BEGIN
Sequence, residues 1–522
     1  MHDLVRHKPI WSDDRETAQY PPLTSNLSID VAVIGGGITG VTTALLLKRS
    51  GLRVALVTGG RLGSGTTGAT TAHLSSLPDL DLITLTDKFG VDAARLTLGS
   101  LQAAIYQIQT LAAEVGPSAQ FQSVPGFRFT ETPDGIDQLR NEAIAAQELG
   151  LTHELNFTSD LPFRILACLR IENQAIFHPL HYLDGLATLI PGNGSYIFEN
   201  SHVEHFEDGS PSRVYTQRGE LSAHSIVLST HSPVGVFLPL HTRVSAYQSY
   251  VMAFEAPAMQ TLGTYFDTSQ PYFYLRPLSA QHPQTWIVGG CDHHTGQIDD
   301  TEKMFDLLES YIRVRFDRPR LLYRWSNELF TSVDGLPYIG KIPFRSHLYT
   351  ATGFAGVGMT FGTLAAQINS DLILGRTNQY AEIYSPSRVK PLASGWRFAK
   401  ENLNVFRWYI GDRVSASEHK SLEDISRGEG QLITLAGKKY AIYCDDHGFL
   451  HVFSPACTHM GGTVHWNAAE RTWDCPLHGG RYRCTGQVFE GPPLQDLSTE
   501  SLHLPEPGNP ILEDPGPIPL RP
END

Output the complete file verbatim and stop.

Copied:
Sequence, residues 1–522
     1  MHDLVRHKPI WSDDRETAQY PPLTSNLSID VAVIGGGITG VTTALLLKRS
    51  GLRVALVTGG RLGSGTTGAT TAHLSSLPDL DLITLTDKFG VDAARLTLGS
   101  LQAAIYQIQT LAAEVGPSAQ FQSVPGFRFT ETPDGIDQLR NEAIAAQELG
   151  LTHELNFTSD LPFRILACLR IENQAIFHPL HYLDGLATLI PGNGSYIFEN
   201  SHVEHFEDGS PSRVYTQRGE LSAHSIVLST HSPVGVFLPL HTRVSAYQSY
   251  VMAFEAPAMQ TLGTYFDTSQ PYFYLRPLSA QHPQTWIVGG CDHHTGQIDD
   301  TEKMFDLLES YIRVRFDRPR LLYRWSNELF TSVDGLPYIG KIPFRSHLYT
   351  ATGFAGVGMT FGTLAAQINS DLILGRTNQY AEIYSPSRVK PLASGWRFAK
   401  ENLNVFRWYI GDRVSASEHK SLEDISRGEG QLITLAGKKY AIYCDDHGFL
   451  HVFSPACTHM GGTVHWNAAE RTWDCPLHGG RYRCTGQVFE GPPLQDLSTE
   501  SLHLPEPGNP ILEDPGPIPL RP